Florida Litigation Update: Certified Conflict Regarding Enforcement of Restrictive Covenants in Employment Agreements

Aug 25, 2015   

Tuesday, August 25th, 2015

The Florida Fourth District Court of Appeal, in Infinity Home Care, L.L.C. v. Amedisys Holding, LLC, Case No. 4D14-3872, 40 Fla. L. Weekly D19229a (Fla. 4th DCA Aug. 19, 2015), available here, has clouded an already uncertain arena with its recent interpretation of restrictive covenants found in employment agreements-a business issue that, as the Chief Justice of the Florida Supreme Court acknowledges, “is critical not only to medical doctors but to those in all walks of life, because [it] applies to all types of restrictive convents” across a wide range of commercial dealings and relationships.

Generally, under Florida law, restrictive covenants that restrain one’s right to work in a certain field will be upheld if the proscription is reasonable in time, scope, geography, and necessary to protect the legitimate business interests of the employer. Infinity Homes analyzed the recurring debate over the scope of the term, “legitimate business interests,” as codified in section 542.335, Florida Statutes, available here. Section 542.335 defines a legitimate business interest to include trade secrets; valuable confidential business or professional information; substantial relationships with specific prospective or existing customers, patients, or clients; customer, patient, or client goodwill; and extraordinary or specialized training. Fla. Stat. § 542.335(1)(b). The statute also expressly notes that protection of restrictive covenants “is not limited to” the foregoing examples of legitimate business interests.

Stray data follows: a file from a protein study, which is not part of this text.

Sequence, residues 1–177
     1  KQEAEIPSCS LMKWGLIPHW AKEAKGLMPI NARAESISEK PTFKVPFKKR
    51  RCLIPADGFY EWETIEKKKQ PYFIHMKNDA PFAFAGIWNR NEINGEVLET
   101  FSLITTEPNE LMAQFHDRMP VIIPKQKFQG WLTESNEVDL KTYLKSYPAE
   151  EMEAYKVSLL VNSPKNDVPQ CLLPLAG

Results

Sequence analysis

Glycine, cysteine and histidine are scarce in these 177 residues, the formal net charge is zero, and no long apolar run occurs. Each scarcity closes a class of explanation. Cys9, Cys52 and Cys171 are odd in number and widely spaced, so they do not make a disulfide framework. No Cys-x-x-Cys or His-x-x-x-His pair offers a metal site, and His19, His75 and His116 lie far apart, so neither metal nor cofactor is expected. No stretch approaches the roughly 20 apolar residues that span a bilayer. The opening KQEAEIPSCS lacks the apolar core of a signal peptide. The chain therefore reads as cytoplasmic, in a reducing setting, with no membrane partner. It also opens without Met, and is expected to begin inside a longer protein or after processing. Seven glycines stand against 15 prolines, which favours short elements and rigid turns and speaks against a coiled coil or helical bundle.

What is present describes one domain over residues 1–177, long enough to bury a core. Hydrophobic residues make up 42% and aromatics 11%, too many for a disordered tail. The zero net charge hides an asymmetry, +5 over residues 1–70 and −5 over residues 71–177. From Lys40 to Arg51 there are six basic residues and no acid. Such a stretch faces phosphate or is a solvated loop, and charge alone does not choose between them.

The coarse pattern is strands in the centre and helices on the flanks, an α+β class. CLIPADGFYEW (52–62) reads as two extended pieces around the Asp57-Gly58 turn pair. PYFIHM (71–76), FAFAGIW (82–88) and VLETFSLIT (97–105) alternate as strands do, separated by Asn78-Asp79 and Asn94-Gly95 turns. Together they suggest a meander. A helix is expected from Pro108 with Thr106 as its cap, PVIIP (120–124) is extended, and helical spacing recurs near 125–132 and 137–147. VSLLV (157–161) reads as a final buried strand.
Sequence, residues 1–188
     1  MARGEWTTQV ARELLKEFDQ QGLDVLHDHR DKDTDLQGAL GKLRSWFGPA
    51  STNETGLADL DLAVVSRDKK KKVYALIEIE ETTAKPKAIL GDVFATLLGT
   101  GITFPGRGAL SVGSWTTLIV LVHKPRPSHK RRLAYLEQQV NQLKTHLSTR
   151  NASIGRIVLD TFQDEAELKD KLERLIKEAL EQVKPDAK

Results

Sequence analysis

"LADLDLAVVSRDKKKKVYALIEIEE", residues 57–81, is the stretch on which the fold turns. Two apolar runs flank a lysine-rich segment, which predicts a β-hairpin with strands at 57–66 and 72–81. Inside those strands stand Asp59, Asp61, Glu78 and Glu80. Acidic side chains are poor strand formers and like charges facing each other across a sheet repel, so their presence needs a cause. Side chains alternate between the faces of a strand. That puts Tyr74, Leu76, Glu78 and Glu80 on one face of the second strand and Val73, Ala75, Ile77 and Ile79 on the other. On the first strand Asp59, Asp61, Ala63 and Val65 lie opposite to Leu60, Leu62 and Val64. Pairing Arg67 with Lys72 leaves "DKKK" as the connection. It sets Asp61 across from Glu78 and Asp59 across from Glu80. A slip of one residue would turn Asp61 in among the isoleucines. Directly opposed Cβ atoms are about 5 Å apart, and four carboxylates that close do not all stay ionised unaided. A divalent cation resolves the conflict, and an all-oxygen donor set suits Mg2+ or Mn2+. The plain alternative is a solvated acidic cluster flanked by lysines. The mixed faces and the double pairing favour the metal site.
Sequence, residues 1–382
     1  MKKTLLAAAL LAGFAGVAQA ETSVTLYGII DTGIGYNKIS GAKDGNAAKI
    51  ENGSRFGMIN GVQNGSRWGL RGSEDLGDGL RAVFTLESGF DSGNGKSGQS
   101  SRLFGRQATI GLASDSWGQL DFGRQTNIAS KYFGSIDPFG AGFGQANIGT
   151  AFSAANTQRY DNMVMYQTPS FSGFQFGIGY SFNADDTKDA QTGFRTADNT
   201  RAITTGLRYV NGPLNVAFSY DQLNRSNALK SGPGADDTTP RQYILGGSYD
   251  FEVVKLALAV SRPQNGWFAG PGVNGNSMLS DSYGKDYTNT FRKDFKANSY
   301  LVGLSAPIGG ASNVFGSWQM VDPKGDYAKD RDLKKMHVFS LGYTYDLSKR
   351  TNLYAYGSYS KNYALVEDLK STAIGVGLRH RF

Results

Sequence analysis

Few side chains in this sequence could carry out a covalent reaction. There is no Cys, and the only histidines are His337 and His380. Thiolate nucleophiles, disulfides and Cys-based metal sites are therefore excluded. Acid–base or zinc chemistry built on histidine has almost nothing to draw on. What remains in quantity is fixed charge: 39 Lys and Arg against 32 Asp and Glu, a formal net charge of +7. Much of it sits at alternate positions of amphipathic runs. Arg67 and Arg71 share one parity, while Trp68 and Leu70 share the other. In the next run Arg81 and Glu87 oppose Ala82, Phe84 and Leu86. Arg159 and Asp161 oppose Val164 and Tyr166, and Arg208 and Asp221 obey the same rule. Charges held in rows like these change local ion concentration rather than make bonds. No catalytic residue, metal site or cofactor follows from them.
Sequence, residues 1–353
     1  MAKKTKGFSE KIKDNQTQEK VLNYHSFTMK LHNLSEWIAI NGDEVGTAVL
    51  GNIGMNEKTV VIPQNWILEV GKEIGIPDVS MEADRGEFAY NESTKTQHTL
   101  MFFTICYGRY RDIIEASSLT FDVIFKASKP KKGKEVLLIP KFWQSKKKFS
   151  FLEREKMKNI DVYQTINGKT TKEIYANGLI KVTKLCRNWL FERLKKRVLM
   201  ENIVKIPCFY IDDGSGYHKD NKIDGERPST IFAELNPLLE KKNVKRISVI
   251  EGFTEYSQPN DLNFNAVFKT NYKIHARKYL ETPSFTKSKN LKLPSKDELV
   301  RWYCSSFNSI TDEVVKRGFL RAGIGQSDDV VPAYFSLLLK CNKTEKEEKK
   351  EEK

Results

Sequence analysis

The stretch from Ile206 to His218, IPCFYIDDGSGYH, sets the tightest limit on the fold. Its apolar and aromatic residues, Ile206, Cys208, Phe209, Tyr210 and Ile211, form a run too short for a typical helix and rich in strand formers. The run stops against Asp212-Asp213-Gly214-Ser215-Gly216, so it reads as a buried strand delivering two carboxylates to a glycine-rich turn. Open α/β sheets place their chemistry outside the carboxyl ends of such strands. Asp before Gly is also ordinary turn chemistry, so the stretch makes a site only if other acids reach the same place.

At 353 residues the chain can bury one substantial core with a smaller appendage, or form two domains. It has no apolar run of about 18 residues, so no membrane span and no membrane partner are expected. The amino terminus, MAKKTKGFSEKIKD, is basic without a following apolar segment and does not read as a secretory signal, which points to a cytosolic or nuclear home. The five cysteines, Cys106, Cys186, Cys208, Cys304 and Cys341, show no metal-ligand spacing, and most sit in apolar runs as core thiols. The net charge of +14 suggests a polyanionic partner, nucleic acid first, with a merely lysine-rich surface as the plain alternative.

In practice, restrictive covenants are used in all types of commercial agreements, including by firms and businesses who contractually require their employees and/or agents not to, among other things: divert business; disclose trade secrets or confidential information; or compete against the firm or business within a defined period and/or geographic location. These “non-compete” and “non-solicitation” agreements are crucial to a company’s success by ensuring continuity with business relations.